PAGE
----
EU fiscal treaty debate failing to ignite in Ireland
Not even the intervention of President Barack Obama's distant cousin has ignited the debate in Ireland over whether to ratify the new EU fiscal treaty.
It has been a relatively low-key campaign and, in many ways, that is just what the Irish government wanted.
For the past month, opinion polls have indicated the treaty is likely to be passed by a comfortable majority, and the government strategy seems to be "make sure you do not lose the vote" rather than "go out and win it".
The Irish prime minister, Taoiseach Enda Kenny, has not taken part in any live TV head-to-head debates with opponents of the treaty. He has steered away from potential political banana-skins ahead of Thursday's vote.
The coalition government in Dublin has relied upon a "ground war" rather than an "air war". Politicians and supporters across Ireland's 26 counties have been knocking on doors and handing out leaflets.
That is where Barack Obama's eighth cousin has come in handy. Henry Healy helped to promote the "Yes" campaign in County Offaly.
He is from Moneygall, the small village where President Obama's ancestors lived in the 1850s before emigrating to America. The president came to visit a year ago to meet his distant cousin.
Henry Healy - nicknamed Henry the Eighth - has developed a taste for politics. This week he posed for the cameras with a large pro-treaty sign emblazoned with the slogan "Yes we can".
He said: "The only way forward for our country is to ratify the treaty - to ensure growth, jobs and prosperity.
"It will continue our recovery and lead us back to a more stable nation within the EU."
He condemned vandals who spray-painted local road signs with "No treaty" graffiti.
In County Longford, some Yes campaign posters have been defaced with slogans referring to the number of Irish young people emigrating to Australia to seek work.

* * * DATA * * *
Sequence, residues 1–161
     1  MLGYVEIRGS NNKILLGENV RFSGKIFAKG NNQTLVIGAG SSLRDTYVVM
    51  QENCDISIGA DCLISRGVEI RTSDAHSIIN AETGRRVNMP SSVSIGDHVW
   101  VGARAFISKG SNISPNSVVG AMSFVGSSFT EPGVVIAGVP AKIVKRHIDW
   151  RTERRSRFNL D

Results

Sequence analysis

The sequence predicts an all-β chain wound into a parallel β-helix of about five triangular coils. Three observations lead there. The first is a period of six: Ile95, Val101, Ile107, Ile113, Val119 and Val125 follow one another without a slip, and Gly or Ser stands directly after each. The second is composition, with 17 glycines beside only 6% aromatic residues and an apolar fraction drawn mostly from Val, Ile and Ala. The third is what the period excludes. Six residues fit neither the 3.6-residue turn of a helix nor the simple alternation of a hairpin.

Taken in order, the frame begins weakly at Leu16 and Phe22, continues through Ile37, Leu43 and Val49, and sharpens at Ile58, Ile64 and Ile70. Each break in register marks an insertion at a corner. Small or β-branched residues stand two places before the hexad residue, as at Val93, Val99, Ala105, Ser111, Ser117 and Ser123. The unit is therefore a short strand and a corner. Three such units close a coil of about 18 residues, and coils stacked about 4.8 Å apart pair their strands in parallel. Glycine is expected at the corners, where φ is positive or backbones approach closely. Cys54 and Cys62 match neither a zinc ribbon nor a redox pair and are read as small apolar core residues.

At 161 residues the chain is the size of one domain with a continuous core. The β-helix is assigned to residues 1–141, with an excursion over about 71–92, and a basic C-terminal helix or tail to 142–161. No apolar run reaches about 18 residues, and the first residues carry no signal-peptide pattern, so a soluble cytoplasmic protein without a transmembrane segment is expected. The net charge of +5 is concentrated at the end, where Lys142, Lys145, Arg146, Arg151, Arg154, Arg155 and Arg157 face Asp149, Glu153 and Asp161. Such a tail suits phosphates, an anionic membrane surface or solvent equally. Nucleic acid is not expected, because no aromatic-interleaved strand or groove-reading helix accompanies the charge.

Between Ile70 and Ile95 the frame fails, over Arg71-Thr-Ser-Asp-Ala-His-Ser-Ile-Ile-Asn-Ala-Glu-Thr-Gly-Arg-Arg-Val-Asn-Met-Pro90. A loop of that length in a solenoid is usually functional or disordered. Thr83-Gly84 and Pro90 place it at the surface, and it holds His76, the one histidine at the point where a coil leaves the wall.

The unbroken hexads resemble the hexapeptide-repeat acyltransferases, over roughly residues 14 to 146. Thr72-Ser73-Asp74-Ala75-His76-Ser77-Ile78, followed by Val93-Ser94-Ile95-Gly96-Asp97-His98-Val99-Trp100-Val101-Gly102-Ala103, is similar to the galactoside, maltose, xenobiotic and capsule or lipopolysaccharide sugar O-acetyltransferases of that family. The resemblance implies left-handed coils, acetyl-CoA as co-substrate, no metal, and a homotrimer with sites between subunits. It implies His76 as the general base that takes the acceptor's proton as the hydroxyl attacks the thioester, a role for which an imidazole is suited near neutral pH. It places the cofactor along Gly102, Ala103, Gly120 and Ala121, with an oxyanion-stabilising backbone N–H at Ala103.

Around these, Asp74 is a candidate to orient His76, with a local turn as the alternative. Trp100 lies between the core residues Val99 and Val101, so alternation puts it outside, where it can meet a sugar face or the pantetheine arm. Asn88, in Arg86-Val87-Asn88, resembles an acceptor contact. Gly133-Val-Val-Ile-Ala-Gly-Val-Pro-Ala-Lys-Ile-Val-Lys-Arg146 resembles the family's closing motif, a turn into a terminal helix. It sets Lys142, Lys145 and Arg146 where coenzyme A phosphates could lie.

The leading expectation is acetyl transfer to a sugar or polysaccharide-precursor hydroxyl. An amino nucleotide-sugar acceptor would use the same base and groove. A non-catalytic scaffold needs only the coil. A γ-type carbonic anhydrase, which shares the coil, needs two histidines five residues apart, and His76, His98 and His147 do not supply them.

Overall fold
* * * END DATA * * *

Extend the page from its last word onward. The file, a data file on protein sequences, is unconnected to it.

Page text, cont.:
The collapse of the Celtic Tiger economy has led to three years of austerity measures being implemented by the Irish government.
The new EU Fiscal Treaty was drawn up in response to the debt crisis.
It will force countries in the Eurozone to abide by strict new budget rules, or face sanctions.
Sinn Fein are leading the campaign against the treaty in Ireland, saying it will merely guarantee austerity for the foreseeable future.
Some believe the only way for Ireland to recover economically is to ditch the euro, and bring back the Irish punt.
James Reynolds from the Farmers For No group said: "Ireland must exit the Eurozone if we're to have any chance of achieving economic recovery, and if we've any chance of regaining our economic sovereignty.
"Imagine the benefit to Irish agriculture of a floating punt, being able to devalue and sell cheap beef exports into the UK market. Okay, some British farmers might not like it, but it would be a fantastic boost for rural Ireland."
At the moment, it is a minority view. The three largest parties in the Irish parliament support the treaty and the likelihood is that it will be passed.
The latest poll, for the Irish Times, predicted a 57-43 split in Thursday's vote.
In some ways, the debate has turned into a battle between anger and fear.
Anger about austerity is likely to lead to protest votes against the government, and therefore against the treaty.
However, the fear that things could become even worse in Ireland if the treaty is rejected is also strong.
"We're damned if we do, and we're damned if we don't," said one Dundalk woman struggling to work out which way to vote.
When pushed, she admitted she was edging towards voting Yes.
Almost a third of voters are estimated to still be undecided, but the reality is that many will simply not vote at all.
The issues involved are complex, and the turn-out will not be huge.
It will take a highly dramatic last-minute surge against the treaty for it to be defeated.
Given the lack of drama in the campaign so far, that seems extremely unlikely.